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In Kabul, hopelessness weighs on job hunters

Amid continuing war, Afghanistan is plagued by 40% unemployment. Infrastructure lags and the economy is plagued by mismanagement.

March 10, 2010|By Jeffrey Fleishman

Reporting from Kabul, Afghanistan — The men come at dawn, a ragged, anxious collection of faces peeking through scarves and hoping for work as they stand in a traffic circle beneath billboards advertising war heroes and washing machines.

They are bricklayers, gardeners, hole diggers and carpenters. Sometimes they are tapped on the shoulder, most times they are not, so they hunch amid the cars and fruit stands, knowing that the higher the sun climbs the lower their chances of returning home with money in their pockets.

"One day we work, three days we don't. How can life be good?" said Ahmed Jalal, poking his red-bearded chin through a crowd of laborers. "The Americans are sending cash to Afghanistan to build factories, but our officials are taking it for themselves. If there were factories do you think we'd be standing in this dusty place?"

As war with the Taliban rattles in the provinces, here in the capital,unemployment, poverty and corruption are regarded as more potent enemies. The national government extols the recent success of U.S. and Afghan troops pushing back militants in Marja, but jobless computer technicians and laborers who can't buy bread have folded away all the pretty promises they have heard.

"If the U.S. and other countries want a stable Afghanistan, they don't need war, they need to build industries," said Ahmad Morid Rahimi, a coordinator with a relief and job placement agency. "People join the Taliban. Why? To feed their families. Instead of sending 15,000 soldiers to fight in Marja, why didn't the U.S. spend those millions of dollars creating jobs?"

The country's economy has grown since the days of the Taliban. International aid has created thousands of jobs in fields such as communications, but deeper problems persist in a nation lacking in infrastructure and plagued by mismanagement.

Since 2001, Congress has authorized more than $39 billion in humanitarian and reconstruction aid for Afghanistan. But hundreds of millions of dollars that would lead to new factories and dams have been eroded by power shortages, wasteful contractors, security dangers and corruption.

What has emerged across the provinces and throughout Kabul is a cruel economic pecking order of an unfinished war. Afghan businessmen dealing in imports are thriving, their new marble and tinted-glass houses rise like jewels on rough streets. Those working with foreign governments and international organizations are also prospering. But the rest, the majority, barely survive and wait for jobs that pay more than peddling oranges or washing cars.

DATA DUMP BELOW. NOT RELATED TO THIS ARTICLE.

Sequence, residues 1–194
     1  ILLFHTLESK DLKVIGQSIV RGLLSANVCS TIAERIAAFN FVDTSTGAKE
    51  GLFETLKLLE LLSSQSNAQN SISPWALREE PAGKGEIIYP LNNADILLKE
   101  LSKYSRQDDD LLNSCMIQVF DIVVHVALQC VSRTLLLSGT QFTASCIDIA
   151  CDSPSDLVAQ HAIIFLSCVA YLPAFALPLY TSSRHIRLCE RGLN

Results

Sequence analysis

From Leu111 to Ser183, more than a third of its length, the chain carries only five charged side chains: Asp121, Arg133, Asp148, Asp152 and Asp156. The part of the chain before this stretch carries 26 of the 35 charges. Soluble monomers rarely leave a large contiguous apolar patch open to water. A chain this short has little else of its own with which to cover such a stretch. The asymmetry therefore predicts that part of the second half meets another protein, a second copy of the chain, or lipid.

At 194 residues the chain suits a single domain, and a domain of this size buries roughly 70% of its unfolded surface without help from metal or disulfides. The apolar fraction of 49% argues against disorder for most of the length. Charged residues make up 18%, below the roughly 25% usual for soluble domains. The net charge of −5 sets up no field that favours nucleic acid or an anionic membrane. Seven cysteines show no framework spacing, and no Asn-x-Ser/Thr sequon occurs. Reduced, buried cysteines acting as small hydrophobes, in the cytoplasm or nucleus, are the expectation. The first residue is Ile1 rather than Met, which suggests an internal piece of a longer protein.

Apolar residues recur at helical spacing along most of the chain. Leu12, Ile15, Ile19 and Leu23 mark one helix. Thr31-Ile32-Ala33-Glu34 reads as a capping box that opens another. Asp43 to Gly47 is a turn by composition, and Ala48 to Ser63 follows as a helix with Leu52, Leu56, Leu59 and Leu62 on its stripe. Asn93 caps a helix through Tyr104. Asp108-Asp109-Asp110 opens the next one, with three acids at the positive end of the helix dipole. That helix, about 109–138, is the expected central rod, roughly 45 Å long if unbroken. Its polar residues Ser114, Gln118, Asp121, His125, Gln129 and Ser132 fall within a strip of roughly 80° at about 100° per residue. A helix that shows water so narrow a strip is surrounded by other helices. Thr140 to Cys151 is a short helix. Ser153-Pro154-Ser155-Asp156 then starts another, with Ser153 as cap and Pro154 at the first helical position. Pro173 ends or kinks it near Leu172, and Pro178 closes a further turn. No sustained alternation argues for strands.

Outside Rahimi's office, men in blazers, resumes rolled in hand, squinted in the sunlight and scanned job postings on a bulletin board. There were openings in forestry, the beverage industry and emergency services. But the men were discouraged; in their experience, jobs vanish as quickly as they appear, many filled as a result of bribes or family connections.

"I don't know what to do," said Mohammad Yaqub, who studied agriculture in Russia, but has no money for a kickback. "I can't leave Afghanistan for work. Who would feed my family?"

Amil Zamuny, a driver in a black leather jacket and polished shoes, said he had applied for 20 jobs. His resume is written in English and begins with, "Respected Sir." Next to him, Hekmatullah Haidery ran his finger over the postings, bemused by all his days peering at salaries and titles he has yet to find in a nation with a 40% unemployment rate.

"I'm a graduate of a technical institute. I want to be a computer programmer or in administration," Haidery said. "I've been coming here for two months and have nothing."

Kabul is a place of desperate men searching to little avail. They wander through traffic past firewood sellers and boys hawking balloons; the war often seems distant, echoes in faraway mountains. But the unemployed are occasionally reminded that bloodshed can strike the capital with unnerving abandon. Suicide bombers and militants recently attacked two guesthouses, killing 16 people, mostly foreigners, near the circle where the laborers gather.

"Things are getting worse, not better," said one man whose white cap matched his beard. "There's fighting across the land. Solving the problems of this country is not in the hands of Afghans but in hands of other nations who meddle and cause trouble here."

The laborers know that bombs frighten off investors. Buildings don't get built and those who are poor, nearly half the population, stay that way. The other day at late morning most of the men lucky enough to be picked to haul cement or paint walls for $3 a shift were gone. Hundreds were left behind, to loosen their scarves, and pick at the patches on their coats.

"If the government could just improve security, maybe that would help," Mohammed Hossain, a father of five, said as fellow laborers pressed around him, wrongly thinking a hiring man had come. "I cannot remember when I had my last job. I think it was two months ago."

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